Resmelling the stench of initiatives past — review and commentary
The Guardian review of 1992 by John Vidal is presented in full below in italics with comments interspersed. To increase readability, subheadings have been added.
Flatulence: A man in a London bus broke wind yesterday afternoon outside Charing Cross station. There were a few clearings of throats and wavings of papers but it went entirely unnoticed that he had caused a World Problem. One of 13,167 to be precise that the international community is working to alleviate.
Although it was furthest from his intention, this introduction by Vidal offers an admirable framing of the dilemmas of engagement with the “global problematique“, as originally named by the Club of Rome.
- Most ironic, in the current period there is a worldwide preoccupation with carbon emissions — of which flatulence is but one instance:
- With respect to the latter, commentators have notably referred to the challenge of the flatulence of sheep and cattle — exemplified in New Zealand by protests by farmers at government proposals for a “fart tax” (Further rumblings over rural ‘fart tax’, Business Day, 31 July 2007). The quantity of “hot air” engendered in debate by this and related matters might itself merit recognition as an “emissions” problem (Sins of Hot Air Emission, Omission, Commission and Promission: the political challenge of responding to global crises, 2009).
- The point could be made otherwise by rewriting Vidal’s bus example: A London bus emitted a burst of exhaust fumes yesterday afternoon outside Charing Cross station. There were a few clearings of throats and wavings of papers but it went entirely unnoticed that it had caused a World Problem. One of 13,167 to be precise that the international community is working to alleviate. True or False?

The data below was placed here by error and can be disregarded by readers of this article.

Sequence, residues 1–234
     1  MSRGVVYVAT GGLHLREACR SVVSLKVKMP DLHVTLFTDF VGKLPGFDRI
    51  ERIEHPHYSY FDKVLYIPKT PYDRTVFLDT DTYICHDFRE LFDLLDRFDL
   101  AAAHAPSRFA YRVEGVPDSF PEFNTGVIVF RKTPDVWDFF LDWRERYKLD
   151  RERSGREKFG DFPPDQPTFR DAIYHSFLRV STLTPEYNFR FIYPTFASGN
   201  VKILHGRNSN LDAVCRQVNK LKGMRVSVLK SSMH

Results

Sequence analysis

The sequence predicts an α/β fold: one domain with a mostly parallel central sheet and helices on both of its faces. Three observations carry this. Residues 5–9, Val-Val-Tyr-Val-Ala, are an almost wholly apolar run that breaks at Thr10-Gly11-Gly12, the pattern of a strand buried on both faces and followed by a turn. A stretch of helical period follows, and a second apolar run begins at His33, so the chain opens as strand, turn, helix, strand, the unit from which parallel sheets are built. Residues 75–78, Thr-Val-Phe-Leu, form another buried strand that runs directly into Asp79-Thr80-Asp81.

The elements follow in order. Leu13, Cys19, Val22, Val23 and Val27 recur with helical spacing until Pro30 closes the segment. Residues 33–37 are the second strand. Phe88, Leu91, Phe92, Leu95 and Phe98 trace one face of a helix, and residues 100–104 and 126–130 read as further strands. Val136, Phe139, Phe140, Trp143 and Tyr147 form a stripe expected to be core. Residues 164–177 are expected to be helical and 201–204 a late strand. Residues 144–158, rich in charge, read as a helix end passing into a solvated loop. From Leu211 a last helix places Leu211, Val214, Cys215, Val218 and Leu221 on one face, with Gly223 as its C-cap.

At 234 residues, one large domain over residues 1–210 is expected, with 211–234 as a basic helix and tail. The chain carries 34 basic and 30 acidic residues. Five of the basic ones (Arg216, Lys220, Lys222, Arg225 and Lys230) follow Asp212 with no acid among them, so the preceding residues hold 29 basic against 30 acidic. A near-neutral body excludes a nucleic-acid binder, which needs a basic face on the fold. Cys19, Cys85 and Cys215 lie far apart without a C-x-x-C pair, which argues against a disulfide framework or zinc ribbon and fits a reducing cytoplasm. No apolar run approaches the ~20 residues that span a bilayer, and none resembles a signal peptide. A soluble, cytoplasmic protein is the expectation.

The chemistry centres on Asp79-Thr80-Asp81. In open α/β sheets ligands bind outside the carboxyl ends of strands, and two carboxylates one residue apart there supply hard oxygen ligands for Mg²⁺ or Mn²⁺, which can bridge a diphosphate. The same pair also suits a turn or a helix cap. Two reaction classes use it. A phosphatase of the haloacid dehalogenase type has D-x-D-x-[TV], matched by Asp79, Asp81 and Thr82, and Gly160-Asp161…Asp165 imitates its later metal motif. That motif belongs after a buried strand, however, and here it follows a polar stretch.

- Vidal’s framing raises the issue of how any one minor instance of carbon emissions “causes” a world problem. It is of course the cumulative effect of such instances which engenders a phenomenon which may be labelled as a “world problem”. The exact nature of a “world problem” remains a matter of dispute, as currently exemplified in debate regarding climate change and its denial. How does a problem become a “world” problem? Or rather, to whom may any phenomenon perceived as problematic be considered a “world problem”? Clearly, for both farm animals and farmers, the contribution of flatulence to a world problem indeed goes “entirely unnoticed” to use Vidal’s phrase. This may well be the case with many problems framed as being world problems by some concerned constituency.